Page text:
The award-winning research project was designed as a national questionnaire directed to all OMFS trainees across the country, which assessed several aspects related to education and training in skin cancer. Over 60 trainees took part in the survey, and the results have shown that there are areas for education and training that can be improved on for those involved in treating the disease. The project took a year to collate and present the data, and has had a significant impact on future training, with educational authorities understanding the speciality curriculum requirements which will help OMFS trainees to provide the best treatment for their patients.
Aitor undertook the project alongside his supervisor, Mr Colin Johnson, who is a Consultant in Oral and Maxillofacial surgery at the Trust.
Upon hearing the news of his award, Aitor said:
“I feel great! I am extremely honoured to have been given this award and I feel that it is a great recognition to the hard work that I put in constantly as a speciality trainee. Mr Johnson as a supervising Consultant was key in overlooking the process and the whole skin service at ELHT provided the framework, which triggered the need to conduct such a project with an aim to improve skin cancer care to our patients overall”.
Aitor will attend the BAOMS virtual award ceremony in December to receive his prize.
BMJ Case Reports is an award winning journal that delivers a focused, peer-reviewed, valuable collection of cases in all disciplines so that healthcare professionals, researchers and others can easily find clinically important information on common and rare conditions.
This is the largest single collection of case reports online, with more than 18,900 case reports from 119 countries.
Find out how write and publish a case report here.
Contact firstname.lastname@example.org to get your Fellowship number.
Please contact Karen Gosling if you require an invitation to the Teams meeting either on Ext 83233 or via email email@example.com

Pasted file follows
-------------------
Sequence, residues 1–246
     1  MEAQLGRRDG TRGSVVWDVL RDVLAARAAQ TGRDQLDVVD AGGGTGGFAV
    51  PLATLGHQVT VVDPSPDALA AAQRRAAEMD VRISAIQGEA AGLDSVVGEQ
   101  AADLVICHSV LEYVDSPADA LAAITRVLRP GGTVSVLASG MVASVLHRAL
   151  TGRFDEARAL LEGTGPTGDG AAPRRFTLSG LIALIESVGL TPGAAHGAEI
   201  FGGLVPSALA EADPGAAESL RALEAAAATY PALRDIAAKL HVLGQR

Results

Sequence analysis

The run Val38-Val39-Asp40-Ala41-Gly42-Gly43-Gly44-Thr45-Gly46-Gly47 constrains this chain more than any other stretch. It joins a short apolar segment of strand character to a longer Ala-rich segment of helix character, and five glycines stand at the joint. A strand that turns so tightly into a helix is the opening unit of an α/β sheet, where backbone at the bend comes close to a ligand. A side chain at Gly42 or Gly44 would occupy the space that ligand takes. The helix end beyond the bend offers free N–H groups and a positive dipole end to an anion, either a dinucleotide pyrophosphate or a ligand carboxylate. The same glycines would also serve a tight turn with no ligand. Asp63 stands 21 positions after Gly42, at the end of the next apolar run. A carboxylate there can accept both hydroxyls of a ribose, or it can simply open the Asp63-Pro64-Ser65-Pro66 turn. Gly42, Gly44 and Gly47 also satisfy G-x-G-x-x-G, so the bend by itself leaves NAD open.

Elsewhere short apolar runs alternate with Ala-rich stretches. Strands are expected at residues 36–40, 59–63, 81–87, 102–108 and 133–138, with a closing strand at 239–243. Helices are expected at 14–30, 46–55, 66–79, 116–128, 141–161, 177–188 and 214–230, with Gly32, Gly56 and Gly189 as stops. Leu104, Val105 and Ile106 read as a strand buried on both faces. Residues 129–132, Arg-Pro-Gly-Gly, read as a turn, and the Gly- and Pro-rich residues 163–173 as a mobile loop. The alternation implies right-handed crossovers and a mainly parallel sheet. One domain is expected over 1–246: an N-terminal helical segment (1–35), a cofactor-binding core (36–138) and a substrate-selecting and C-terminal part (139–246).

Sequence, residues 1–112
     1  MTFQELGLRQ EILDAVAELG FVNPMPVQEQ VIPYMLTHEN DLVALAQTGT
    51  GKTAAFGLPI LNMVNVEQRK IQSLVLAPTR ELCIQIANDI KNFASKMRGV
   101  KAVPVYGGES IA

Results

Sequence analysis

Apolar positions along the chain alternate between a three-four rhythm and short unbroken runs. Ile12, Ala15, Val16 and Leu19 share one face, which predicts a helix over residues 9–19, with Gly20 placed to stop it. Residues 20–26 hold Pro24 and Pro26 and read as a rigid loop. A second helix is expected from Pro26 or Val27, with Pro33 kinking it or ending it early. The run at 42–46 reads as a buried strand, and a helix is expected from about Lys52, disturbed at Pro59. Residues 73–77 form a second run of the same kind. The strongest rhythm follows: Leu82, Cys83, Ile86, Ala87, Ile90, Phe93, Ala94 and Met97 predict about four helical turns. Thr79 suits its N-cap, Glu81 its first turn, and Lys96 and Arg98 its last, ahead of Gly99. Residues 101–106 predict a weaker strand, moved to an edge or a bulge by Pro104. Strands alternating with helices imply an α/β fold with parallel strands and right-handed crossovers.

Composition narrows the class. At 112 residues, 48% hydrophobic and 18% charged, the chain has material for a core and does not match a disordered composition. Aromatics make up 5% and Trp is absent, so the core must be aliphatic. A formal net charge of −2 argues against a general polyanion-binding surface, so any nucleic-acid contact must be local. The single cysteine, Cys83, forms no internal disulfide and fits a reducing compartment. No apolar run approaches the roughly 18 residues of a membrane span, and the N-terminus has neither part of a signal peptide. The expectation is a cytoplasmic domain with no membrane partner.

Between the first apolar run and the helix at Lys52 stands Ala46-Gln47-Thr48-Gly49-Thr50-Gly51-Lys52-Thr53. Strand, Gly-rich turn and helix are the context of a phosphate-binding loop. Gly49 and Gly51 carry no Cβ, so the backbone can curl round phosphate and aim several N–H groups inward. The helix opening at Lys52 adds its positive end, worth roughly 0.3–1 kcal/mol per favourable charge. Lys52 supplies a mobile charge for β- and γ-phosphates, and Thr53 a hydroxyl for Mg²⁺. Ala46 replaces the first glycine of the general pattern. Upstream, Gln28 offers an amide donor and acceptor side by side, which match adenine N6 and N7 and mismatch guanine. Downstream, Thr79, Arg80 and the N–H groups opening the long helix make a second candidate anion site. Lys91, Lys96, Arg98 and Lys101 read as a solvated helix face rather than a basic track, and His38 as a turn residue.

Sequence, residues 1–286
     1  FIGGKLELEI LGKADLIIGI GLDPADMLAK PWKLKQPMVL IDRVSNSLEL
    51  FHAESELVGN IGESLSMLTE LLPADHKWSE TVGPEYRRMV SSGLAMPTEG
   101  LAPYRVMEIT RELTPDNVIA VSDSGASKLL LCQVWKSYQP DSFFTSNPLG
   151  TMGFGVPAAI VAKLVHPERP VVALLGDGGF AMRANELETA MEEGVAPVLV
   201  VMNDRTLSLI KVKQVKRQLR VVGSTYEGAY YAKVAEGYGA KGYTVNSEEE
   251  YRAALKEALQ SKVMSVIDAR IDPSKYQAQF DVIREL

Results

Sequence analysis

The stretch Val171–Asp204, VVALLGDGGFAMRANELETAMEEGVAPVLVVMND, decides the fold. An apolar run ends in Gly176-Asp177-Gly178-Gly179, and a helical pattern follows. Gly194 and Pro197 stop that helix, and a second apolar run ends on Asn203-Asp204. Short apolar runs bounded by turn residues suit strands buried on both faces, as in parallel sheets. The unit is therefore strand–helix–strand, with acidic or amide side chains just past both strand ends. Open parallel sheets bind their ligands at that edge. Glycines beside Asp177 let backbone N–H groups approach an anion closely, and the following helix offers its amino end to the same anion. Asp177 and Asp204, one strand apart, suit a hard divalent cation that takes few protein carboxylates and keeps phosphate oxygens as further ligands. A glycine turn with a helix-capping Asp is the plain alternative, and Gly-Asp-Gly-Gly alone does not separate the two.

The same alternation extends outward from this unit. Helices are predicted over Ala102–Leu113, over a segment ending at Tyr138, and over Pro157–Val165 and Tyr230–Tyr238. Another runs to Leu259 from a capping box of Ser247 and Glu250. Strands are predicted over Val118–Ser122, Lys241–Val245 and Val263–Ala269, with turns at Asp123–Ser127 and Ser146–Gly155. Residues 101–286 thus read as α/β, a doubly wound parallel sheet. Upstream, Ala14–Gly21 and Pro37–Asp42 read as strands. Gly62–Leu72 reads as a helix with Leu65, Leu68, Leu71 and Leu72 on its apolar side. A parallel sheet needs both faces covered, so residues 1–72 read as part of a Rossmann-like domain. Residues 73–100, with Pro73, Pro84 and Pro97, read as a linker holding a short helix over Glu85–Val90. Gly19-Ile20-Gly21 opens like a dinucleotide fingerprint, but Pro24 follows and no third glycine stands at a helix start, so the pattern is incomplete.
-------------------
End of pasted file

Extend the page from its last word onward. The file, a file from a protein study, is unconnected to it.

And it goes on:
Using IT to assist in teaching with social distancing
Dr Christine Clark, Workforce Transformation Educator
Advanced Life Support Courses (ALS) are part of the lives of most clinicians. It is one of the ways we learn and practice the skills required to support deteriorating patients and those in cardiac arrest. The majority of the teaching is scenario based in small groups. This of course has been a challenge as we start to return to “normal”. The requirement for our foundation doctors to have the qualification still stands and we have had to cancel two courses during the pandemic.
Stuart Warburton and Jenna Kenny from the CAST team put a huge amount of work in setting up the course for two groups of 4 ensuring that social distancing could be managed as much as possible by setting up two rooms on the former ward 6. Candidates were given gloves and masks and I took on the role of Medical Director via Teams. Stuart and Jenna did the hard work of running the face to face teaching.
We had a couple of hiccups, but nothing we couldn’t deal with and there were definite advantages to being there in a virtual capacity:
On the courses we have run so far we have had an excellent pass rate, and despite my initial reservations I feel that this is the future.
A huge thank you is due to Stuart and Jenna for the work they have put in. The teaching is usually split between 2 faculty members per group, and they have taught every session.
Picture above. ELHT Advanced Life Support Faculty, from L to R Stuart Warburton, Chris Clark ( on screen) and Jenna Kenny